The selected domain experts were approached to discuss the factors affecting technology adoption by MSMEs, identified from literature review. These factors were discussed and analysed for their relevance and validity. The similar methods have been adopted by other researchers to identify the factor affecting implementation of additive manufacturing in automobile industry (Dwivedi et al., 2017a) and implementation of information technology in SMEs (Thakkar et al., 2008) and identification of challenges for implementation of Industry 4.0 in SMEs (Goel et al., 2022). During the discussion and analysis all the factors were found to be relevant therefore ten factors are considered for the study. The pairwise comparison of all the identified factors affecting technological adoption by MSMEs were carried out by the domain experts. In the pairwise comparison the domain experts have given out the direct and indirect interrelation of factors. Secondly, during the interview session domain experts have provided the inputs for structural self-interaction matrix (SSIM). The SSIM is prepared based on input received from each expert.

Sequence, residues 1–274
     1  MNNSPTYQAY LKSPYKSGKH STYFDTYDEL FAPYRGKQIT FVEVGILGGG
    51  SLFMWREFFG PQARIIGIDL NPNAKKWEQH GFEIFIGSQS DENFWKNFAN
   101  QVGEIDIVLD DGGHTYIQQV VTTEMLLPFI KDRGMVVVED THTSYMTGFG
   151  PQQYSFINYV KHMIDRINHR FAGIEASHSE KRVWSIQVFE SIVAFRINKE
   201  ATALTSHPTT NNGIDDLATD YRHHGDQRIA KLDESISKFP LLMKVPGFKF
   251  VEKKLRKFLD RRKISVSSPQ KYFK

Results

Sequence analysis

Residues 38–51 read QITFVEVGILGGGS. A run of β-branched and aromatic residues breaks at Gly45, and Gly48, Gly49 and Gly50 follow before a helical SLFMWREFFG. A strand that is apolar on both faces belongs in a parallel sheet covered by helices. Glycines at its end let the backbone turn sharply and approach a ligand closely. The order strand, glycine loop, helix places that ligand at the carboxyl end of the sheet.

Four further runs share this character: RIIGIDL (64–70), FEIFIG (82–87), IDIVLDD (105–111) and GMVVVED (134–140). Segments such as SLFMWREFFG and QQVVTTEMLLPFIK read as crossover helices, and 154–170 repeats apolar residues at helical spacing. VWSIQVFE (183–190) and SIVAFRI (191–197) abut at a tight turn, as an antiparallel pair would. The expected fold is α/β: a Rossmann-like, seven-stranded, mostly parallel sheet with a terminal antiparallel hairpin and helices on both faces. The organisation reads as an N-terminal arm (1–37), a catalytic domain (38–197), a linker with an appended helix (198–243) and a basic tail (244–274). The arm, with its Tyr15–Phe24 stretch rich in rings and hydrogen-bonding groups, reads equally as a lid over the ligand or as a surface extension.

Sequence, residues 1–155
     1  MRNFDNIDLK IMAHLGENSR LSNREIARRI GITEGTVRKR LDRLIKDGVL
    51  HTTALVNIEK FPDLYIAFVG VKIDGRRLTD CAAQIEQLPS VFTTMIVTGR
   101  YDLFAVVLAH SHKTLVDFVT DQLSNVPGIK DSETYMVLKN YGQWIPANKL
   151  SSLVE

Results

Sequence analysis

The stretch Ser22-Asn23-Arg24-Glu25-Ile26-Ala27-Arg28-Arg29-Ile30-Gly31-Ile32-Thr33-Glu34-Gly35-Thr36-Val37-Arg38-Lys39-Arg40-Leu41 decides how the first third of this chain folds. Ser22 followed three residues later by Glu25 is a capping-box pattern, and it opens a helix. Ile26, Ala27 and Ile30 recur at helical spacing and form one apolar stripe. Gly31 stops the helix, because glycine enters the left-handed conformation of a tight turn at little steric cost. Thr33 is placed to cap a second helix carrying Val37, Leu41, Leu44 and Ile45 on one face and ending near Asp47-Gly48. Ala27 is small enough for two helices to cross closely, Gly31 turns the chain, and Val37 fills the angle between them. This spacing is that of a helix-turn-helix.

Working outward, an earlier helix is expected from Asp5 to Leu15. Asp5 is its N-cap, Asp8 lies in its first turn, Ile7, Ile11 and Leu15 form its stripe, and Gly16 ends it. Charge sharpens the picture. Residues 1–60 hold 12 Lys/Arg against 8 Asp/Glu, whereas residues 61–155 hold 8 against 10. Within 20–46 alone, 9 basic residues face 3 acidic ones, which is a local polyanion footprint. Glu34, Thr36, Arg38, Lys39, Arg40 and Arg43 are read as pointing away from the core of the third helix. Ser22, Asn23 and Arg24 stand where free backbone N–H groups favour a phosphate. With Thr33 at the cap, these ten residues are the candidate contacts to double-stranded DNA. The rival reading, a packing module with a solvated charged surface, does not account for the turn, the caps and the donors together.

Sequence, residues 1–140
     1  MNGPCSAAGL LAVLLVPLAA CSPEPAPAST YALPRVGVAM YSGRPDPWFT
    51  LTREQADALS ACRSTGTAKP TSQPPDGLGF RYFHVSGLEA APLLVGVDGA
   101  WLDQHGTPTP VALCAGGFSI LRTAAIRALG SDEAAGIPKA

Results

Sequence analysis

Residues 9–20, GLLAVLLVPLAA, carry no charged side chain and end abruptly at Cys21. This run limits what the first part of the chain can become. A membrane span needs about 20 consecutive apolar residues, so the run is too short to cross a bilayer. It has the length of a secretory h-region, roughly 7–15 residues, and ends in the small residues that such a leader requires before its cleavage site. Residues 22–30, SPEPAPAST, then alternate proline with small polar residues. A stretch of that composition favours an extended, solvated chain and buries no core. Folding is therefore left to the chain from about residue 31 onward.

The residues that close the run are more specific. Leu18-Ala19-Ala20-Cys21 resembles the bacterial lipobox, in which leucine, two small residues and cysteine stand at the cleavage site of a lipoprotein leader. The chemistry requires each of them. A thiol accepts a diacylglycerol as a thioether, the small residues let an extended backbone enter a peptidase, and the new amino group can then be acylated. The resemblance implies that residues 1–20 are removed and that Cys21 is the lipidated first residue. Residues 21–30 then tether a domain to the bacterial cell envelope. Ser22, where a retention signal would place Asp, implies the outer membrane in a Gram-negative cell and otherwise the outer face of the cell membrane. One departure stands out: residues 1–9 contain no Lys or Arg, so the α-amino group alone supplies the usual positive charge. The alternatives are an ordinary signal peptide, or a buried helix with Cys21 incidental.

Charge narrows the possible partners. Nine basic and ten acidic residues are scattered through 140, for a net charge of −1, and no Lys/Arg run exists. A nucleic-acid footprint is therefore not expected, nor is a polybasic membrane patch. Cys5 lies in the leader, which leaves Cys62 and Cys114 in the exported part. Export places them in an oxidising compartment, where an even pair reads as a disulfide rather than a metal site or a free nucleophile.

Interpretative Structural Modelling Techniques

Step 1: Structural Self –Interaction Matrix

Figure 1: Flow chart for development of ISM.

The brief description was prepared consisting of factors affecting technological adoption by MSMEs, identified from the literature. The experts of selected from various domain were approached for their feedback after a brainstorming session. A set of 11 domain experts from industry, academia and government agencies were approached for their inputs, whose experience was ranging from 10-23 years. The feedback was collected in the form of structural self-interaction matrix and compiled as per the instructions of the technique. The feedback of the domain experts was based on most preferred interrelation among the factors and following symbols were used for denotation of relationships(Figure 1).

V: Factor i will help to attain factor ji
A: Factor j will help to attain facto ii
O: No relationship between factor i and j and